It worked. By the end of the summer, I had read most of the seven and loved Oz more than ever. And although I didn’t read much other speculative fiction until I was in college (besides a battered copy of Andrew Lang’s Blue Fairy Book and C. S. Lewis’  Narnia series), the hook was truly and deeply set, and I eventually became a ravenous reader of science fiction and fantasy. Writing it followed.

Over the years, I read other volumes from the series. (For some reason, we never had a chance to purchase the rest of the series. I once asked my mother about this, and it had puzzled her, too.) I found a few at the public library, and others at book stores. To this day, I still don’t have the entire set in hardcover, but I was more than happy to fill my gaps when they reissued the entire series as paperbacks. There were Oz books by several other authors, too, and I found a few of them and read them. I got the entire Baum series, The Complete Wizard of Oz Collection (All 15 books) With table of contents, too, when I got my Kindle.

I read Philip Jose Farmer’s book, A Barnstormer in Oz, when it came out in the 1980’s and enjoyed it. I found the new take on my old friend Oz delightful. I didn’t have any problem with new embellishments to my childhood memories, perhaps because I have always seen Oz as a fantastical place where anything can happen.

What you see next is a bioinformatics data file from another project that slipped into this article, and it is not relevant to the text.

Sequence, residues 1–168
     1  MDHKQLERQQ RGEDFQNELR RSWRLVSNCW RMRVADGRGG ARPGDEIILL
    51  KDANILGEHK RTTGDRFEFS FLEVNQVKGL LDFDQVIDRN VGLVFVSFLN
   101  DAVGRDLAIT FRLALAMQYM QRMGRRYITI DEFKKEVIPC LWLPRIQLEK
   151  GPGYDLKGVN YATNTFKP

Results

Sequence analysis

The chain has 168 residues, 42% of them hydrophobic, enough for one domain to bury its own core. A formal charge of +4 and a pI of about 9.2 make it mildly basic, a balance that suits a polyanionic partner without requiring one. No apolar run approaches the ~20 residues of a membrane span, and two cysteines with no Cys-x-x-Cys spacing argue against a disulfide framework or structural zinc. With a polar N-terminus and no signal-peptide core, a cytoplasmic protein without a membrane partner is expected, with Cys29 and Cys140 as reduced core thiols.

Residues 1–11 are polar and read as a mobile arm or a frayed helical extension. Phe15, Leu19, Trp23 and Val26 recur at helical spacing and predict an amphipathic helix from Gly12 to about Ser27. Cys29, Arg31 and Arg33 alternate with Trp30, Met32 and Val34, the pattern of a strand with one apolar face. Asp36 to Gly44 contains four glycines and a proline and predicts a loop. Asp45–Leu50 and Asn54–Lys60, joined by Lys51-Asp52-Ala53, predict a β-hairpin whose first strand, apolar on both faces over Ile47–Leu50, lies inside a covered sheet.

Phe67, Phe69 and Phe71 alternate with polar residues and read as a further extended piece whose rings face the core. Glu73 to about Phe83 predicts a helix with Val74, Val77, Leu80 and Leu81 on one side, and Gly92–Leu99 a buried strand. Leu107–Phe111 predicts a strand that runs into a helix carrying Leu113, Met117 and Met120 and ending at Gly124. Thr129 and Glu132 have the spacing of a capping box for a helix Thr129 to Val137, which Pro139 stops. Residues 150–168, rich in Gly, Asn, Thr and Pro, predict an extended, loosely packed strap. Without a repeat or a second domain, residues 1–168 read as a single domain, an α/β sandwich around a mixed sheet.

I am ashamed to say that I have not yet read Gregory Maguire’s Oz books. I keep meaning to, and will someday. I have the first of them, Wicked: The Life and Times of the Wicked Witch of the West (Wicked Years), all ready to go on my Kindle. I hear great things about them, and I imagine I will be delighted with the new additions to the world that I have loved since childhood.

The new Oz movie looks like fun. It’s a back story, telling the story of the Wizard before Dorothy comes to Oz. I saw an interview with two of the stars, and it turns out they read and loved the Oz books as children, just as I did. That alone gives me great hope for this film.

Sam Raimi is directing the movie, and as a long-time fan of his, I am looking forward to seeing what he can do with it. And as for special effects – well, Oz was made for CGI.

I can’t wait to see what happens! In the meantime, I can re-read my Oz books and make a dent in the Maguire books, too.

E Pluribus Unum

Like people up and down the Rocky Mountain region in the western United States, I have watched as area after area exploded with wildfire.

Sixty miles south of Laramie, the mountains just outside of Ft. Collins had a huge blaze; we got the smoke up here in Laramie. We waited and watched with them, via the media, as people were evacuated and hoped their homes survived. We watched firefighters flood the area, and air tankers and helicopters drop water and slurry on the flames.